Her singing eases funeral pain

Jayanthi Kyle (photo by Kaylynn Raschke)

“There are funerals where they bring out a boombox and it’s so impersonal. It doesn’t honor or celebrate the person, it doesn’t touch souls the way live music can,” says singer and songwriter Jayanthi Kyle. She sings at funerals, offering the healing power of song to families who are celebrating the life of loved ones who have died. 

“I had a lot of family members and close friends pass when I was younger,” Kyle says, citing her experiences as a young woman in preparing her for this work. 

Kyle grew up in the suburbs of Minneapolis and the projects of Chicago. Her father moved from India to Minnesota to attend North Central Bible College. At that time he met Kyle’s mother after a mutual friend, local storyteller Sister Mattie Clark, introduced them. Both of her parents were preachers with full-time jobs that included factory worker and nurse. Growing up in a Christian household, Kyle was compelled to go to church. 

She began singing at a young age and learned songs from her maternal elders, “I was fortunate to get to know my great-grandmother and my grandmother, who both taught me some of the songs in their history – mostly gospel and work songs. I also was in a few choirs and kicked out of a few others,” shares Kyle with a laugh. 

No longer getting kicked out of music groups, Kyle is the singer for six different bands in town, including Black Audience, Gospel Machine, Bain, Romantica, and Jayanthi Kyle and the Crybabies. 

Singing for struggles

Additionally, Kyle shares her voice to organize politically. She organized the choir that sang at the first same-sex marriages in Minnesota at the Minneapolis City Hall in August 2013. In 2014, she got involved in the Million Artist and Black Lives Matter movements, and applied her heart, time and artistry to these struggles. She wrote the song “Hand in Hand,” which is a fierce and uncompromised anthem that feels born from the legacy of the civil rights movement and the Black church and it has been sung in courtrooms and at demonstrations.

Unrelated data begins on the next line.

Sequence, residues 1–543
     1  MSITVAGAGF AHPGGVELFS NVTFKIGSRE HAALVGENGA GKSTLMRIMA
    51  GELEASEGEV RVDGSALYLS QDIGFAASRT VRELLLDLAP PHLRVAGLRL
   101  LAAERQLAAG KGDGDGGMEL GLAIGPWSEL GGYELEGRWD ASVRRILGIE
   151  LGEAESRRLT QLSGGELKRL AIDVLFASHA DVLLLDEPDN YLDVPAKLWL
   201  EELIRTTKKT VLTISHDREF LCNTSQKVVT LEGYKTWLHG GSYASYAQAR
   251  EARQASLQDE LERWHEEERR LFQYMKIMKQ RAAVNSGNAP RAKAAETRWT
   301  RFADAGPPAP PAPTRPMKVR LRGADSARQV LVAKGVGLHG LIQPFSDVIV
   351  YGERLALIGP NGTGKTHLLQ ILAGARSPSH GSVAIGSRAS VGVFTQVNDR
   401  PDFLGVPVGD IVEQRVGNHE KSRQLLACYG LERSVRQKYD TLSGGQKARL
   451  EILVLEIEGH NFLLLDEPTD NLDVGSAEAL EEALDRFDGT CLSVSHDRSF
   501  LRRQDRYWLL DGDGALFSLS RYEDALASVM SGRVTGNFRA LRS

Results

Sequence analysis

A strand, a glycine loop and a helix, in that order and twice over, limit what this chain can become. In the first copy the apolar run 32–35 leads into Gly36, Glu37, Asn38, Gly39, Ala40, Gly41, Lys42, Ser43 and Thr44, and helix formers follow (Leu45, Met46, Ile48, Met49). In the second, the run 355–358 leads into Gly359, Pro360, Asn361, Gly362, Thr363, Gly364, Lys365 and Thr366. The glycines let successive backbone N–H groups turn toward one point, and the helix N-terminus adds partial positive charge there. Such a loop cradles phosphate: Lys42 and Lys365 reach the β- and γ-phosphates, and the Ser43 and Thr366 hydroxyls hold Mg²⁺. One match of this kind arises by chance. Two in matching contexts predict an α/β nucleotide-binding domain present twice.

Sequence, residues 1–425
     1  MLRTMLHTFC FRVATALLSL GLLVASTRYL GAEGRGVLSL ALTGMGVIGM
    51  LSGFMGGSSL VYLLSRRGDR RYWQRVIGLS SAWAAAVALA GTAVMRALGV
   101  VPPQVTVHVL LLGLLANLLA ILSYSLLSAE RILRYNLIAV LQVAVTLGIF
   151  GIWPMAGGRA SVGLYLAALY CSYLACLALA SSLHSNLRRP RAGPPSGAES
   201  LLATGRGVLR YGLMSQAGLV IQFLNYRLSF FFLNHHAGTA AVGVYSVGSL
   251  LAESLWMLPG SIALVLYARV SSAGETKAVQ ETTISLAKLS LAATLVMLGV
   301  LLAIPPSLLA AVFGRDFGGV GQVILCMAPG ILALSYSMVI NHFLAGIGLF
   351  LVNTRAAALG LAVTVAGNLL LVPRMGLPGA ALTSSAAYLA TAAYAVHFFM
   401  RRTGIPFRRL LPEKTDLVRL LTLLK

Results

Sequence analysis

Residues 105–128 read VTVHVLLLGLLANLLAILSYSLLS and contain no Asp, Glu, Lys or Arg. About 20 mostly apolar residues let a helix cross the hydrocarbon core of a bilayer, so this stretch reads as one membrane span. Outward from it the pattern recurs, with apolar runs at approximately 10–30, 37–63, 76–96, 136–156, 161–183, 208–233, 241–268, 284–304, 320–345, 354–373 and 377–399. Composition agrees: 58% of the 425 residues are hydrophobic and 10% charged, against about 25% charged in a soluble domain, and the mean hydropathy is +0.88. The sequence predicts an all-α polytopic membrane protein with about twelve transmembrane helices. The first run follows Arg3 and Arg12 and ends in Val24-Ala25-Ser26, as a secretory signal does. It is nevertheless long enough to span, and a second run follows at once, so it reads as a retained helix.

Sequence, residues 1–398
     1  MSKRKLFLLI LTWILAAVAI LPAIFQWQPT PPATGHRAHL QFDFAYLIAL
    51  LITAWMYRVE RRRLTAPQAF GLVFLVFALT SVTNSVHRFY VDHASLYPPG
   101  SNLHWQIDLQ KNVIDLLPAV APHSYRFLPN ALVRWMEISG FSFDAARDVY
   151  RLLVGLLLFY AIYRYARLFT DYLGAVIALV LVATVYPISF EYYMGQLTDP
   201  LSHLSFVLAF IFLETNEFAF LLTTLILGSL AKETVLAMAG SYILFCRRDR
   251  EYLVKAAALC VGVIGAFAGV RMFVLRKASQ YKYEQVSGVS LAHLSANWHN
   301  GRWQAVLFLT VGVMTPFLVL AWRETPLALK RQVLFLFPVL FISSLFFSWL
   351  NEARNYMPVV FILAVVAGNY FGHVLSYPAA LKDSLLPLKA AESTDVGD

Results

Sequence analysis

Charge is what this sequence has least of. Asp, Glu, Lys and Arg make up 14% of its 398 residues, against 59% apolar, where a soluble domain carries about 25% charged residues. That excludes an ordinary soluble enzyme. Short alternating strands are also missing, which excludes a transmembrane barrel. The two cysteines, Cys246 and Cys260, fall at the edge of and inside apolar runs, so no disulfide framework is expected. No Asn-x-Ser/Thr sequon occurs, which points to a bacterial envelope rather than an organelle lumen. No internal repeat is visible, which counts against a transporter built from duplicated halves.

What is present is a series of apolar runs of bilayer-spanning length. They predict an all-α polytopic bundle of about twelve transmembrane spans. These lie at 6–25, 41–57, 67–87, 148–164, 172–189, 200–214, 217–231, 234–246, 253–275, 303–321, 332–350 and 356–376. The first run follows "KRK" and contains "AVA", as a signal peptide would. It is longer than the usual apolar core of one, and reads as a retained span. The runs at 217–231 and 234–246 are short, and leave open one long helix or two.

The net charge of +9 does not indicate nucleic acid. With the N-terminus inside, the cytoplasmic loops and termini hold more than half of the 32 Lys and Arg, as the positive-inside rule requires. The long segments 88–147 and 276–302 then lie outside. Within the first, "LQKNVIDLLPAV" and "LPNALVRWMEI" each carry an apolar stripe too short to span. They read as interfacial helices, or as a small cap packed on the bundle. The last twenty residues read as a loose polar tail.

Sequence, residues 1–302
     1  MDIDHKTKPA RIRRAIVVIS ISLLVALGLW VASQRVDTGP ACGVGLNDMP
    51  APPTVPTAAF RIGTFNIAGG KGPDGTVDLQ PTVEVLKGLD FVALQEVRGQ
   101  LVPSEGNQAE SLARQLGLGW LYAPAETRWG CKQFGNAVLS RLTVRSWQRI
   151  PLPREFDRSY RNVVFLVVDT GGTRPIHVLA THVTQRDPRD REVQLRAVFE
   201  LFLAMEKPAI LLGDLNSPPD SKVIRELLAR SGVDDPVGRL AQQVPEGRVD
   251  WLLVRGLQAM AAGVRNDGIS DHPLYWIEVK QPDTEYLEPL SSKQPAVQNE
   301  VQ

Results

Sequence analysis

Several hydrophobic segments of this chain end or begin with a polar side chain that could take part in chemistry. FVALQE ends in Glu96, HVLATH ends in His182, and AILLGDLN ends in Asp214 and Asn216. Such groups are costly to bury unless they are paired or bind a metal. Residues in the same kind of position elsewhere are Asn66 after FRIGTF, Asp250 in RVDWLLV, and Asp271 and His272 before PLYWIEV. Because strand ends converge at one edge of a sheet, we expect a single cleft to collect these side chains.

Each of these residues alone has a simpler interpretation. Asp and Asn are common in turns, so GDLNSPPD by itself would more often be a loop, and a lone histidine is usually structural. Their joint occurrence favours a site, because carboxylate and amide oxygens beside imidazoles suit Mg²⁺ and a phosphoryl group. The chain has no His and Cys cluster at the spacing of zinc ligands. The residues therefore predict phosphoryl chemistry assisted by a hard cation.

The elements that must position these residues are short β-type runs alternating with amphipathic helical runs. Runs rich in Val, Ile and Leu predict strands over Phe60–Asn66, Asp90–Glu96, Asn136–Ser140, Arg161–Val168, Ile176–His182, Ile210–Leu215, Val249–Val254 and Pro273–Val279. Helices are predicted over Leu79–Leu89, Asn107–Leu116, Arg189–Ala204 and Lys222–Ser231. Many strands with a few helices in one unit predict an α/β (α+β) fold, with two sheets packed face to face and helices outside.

“Any kind of singing is an exchange,” Kyle says. “With funeral singing, people are so expectant, fertile. They are vulnerable and ready to receive something. I think it is important to bless someone as they go out [from the living world] and hold the others who are left behind.” 

With an easy smile, a halo-like afro and a heavenly voice, Kyle’s presence soothes mourning families. “I saw what [singing] did for people,” she says. “It allowed them to grieve, or have a break from their grieving. It would allow them to ‘not be’ at the funeral, if that is not where they really wanted to be, they could be taken away by music.” 

‘Precious memories’

Kyle sees her work as more than providing a performance. She sees herself serving as a fellow mourner. “I really enjoy hearing what people say about the departed,” Kyle says. When she sings at funerals, she sits with families and friends and witnesses while they reflect on precious memories. 

Knowing the difficulty in preparing a funeral, Kyle provides a list of songs for family members to choose from. “People have a year or more to figure out the music for a wedding,” she explains. “When somebody dies, you’ve got, like, three days to plan.” 

“A lot of people like to hear hymns. It is comforting when they are grieving. Some people want to hear ‘I’ll Fly Away'” Kyle says. “There was one day where I did three funerals, all suicides. At one of them I sang, ‘You Are So Beautiful To Me.’ I have sung Leonard Cohen, too. But usually it’s something like ‘Amazing Grace’ or ‘Precious Lord, Take My Hand.'” 

Kyle spoke of a funeral for a young woman. “It was a small service, about 20 people, and the dad picked out songs that he thought would be appropriate,” she recalls. She sang “Somewhere Over the Rainbow.”

“As soon as I started, you could feel the people in the room begin to weep, like they felt they had a place and time, that it was an appropriate moment to let it out. As soon as I finished, her father put his hands to his lips and brought them away and opened his hands, almost as if to say that he approved, that it was perfect. That meant a lot to me. It seemed to me that he felt that I had put the room in a good place.”